Even the most novice of so called “SEO EXPERTS” will tell you that duplicate content is bad. This is primarily true.
At the end of 2011 WordPress 3.0 had been downloaded over 65 million times. Source – http://en.wikipedia.org/wiki/WordPress Needless to say, this is one extremely popular content management system. One well loved feature of the WordPress platform is it’s ease of use for updating a website, and keeping fresh content flowing through the use of a blog. While this is excellent for content generation, and SEO, in the hands of a novice it is also a way to have your website penalized for Duplicate Content.
WordPress has category tags, in other words, when you create a new blog post, you can assign that post to a category, which is nice for your visitors, because perhaps they only want to see articles you have written on a particular topic.
SEO companies have made a habit of using these Category Tags as pseudo keyword tags, with the thinking being, the more categories you assign to a blog post, the more likely it is to be seen, and the better it is for SEO.
Category Tags are great for SEO. Not only are category tags not helpful for SEO, they can be detrimental and cause penalties to your websites ranking.
Here is how this works, lets assume you have a blog on automobiles. You write an article on improving gas mileage through driving habits, which is make and model agnostic. In an effort to improve the likely hood of your article being read, you use the following tags, CHEVY, FORD, BMW, MERCEDES, FIAT, HONDA, and TOYOTA. Further more you decided to tag your article in these additional categories, Driving Habits, Performance, General, and Tips and Tricks.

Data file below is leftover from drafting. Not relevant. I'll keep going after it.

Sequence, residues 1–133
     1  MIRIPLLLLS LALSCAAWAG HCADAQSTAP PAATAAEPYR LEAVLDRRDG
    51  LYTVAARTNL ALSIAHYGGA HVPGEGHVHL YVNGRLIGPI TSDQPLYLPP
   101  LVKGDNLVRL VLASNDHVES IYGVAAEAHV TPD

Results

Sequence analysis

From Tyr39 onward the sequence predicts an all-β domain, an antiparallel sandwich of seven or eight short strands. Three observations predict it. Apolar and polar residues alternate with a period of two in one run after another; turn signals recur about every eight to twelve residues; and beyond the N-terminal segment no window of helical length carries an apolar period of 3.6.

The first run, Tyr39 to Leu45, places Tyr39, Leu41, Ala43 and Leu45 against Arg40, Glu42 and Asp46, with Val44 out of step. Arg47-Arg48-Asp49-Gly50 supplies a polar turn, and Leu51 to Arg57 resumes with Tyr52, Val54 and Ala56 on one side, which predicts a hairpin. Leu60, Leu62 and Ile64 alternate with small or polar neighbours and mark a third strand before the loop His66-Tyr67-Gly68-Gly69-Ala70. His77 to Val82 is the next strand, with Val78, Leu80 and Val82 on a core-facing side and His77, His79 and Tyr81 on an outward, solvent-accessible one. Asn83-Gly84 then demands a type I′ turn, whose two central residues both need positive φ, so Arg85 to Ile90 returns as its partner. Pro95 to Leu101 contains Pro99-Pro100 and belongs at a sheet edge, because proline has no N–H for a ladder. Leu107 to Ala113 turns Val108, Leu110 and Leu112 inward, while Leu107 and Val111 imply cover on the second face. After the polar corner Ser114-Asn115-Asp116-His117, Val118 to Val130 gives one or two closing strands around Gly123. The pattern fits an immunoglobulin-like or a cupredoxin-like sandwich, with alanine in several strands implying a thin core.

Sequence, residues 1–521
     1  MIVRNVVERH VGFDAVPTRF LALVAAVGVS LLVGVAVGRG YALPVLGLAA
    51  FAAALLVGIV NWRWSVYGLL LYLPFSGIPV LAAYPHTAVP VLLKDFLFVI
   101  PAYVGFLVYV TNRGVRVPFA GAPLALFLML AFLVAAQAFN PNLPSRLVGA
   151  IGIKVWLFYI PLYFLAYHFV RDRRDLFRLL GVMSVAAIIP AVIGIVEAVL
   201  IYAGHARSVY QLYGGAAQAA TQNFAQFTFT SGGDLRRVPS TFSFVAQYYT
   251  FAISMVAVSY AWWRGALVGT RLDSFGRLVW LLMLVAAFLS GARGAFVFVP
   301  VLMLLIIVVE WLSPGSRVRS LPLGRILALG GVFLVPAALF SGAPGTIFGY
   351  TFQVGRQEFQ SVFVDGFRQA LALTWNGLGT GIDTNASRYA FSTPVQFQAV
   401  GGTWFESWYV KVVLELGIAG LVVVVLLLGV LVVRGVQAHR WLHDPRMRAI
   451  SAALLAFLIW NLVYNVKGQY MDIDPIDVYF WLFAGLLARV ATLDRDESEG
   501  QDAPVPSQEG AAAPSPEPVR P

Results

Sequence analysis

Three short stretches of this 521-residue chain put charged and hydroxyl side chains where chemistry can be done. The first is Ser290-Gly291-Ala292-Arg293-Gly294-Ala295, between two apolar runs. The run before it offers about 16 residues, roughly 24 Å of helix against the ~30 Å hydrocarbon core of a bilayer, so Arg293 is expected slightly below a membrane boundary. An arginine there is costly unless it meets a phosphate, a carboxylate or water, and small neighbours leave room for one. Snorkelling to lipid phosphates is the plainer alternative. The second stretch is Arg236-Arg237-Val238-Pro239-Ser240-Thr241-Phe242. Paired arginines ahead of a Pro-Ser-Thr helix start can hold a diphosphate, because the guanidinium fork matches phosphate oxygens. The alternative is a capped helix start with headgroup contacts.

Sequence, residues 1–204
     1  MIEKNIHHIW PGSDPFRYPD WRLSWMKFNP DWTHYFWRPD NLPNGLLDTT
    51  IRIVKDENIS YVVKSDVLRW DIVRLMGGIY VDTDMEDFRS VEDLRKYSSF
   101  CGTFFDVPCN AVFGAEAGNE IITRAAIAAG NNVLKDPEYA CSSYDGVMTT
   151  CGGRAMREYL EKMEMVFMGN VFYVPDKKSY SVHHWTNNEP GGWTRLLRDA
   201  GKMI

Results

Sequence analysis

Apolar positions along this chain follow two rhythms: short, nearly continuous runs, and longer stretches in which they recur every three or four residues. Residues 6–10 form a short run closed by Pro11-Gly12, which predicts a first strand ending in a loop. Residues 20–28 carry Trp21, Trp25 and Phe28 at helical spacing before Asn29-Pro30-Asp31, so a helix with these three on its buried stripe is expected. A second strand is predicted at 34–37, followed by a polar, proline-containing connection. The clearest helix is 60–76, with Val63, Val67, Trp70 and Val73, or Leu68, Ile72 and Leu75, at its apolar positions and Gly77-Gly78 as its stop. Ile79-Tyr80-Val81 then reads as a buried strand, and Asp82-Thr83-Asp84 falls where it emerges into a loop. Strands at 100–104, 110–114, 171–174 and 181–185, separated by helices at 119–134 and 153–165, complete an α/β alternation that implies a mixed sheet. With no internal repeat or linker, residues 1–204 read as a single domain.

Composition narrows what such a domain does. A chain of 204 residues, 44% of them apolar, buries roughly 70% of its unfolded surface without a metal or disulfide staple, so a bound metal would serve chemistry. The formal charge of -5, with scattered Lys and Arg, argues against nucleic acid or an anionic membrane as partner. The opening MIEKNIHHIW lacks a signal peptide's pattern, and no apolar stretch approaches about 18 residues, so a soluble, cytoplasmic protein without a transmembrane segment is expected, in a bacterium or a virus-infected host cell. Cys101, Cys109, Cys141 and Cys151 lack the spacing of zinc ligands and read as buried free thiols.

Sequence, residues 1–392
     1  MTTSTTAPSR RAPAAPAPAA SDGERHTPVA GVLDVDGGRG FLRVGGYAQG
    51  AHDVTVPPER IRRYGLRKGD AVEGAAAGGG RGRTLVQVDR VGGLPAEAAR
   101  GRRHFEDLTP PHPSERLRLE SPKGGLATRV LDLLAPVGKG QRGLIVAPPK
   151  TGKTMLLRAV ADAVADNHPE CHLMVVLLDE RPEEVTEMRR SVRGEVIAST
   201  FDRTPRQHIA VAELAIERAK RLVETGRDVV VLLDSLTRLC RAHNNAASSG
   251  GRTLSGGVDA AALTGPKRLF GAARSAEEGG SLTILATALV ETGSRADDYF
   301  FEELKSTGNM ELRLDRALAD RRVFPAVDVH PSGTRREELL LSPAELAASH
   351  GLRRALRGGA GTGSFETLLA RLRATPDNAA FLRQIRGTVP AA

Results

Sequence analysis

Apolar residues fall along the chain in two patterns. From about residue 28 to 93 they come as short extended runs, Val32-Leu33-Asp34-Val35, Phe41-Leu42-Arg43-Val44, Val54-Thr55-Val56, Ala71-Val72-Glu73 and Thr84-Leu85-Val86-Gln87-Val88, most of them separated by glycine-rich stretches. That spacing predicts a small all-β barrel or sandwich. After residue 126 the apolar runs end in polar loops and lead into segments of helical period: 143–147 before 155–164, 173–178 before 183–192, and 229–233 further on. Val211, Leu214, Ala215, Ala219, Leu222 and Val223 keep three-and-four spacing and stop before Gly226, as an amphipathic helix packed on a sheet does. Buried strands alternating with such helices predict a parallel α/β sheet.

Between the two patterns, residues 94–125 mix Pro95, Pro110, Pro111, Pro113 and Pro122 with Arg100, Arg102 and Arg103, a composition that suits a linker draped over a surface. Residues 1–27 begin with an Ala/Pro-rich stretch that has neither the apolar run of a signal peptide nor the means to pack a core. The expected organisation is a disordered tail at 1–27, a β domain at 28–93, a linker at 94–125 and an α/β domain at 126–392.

Now lets add these all up – you have duplicate content on 11 separate pages, plus the blog roll, the archives page, plus the link to the article itself, now we have 14 separate pages with the EXACT SAME CONTENT. This does not take into account a lot of websites will place their latest blog on their homepage, so now we are 15 different pages for the exact same content for one blog. Multiply that by the number of blogs you post in a week, month, year, etc and you can see how GOOGLE, and the other search Engines see your site.
Does this mean you should avoid categories all together? Of course not. What it does mean is that you should give serious thought to organizing your content in a logical layout, and using categories where appropriate, and not as a shortcut SEO method.
Tomorrow in part 4 of our series we will look at organizing content and site structure, and what that means to a successful SEO campaign.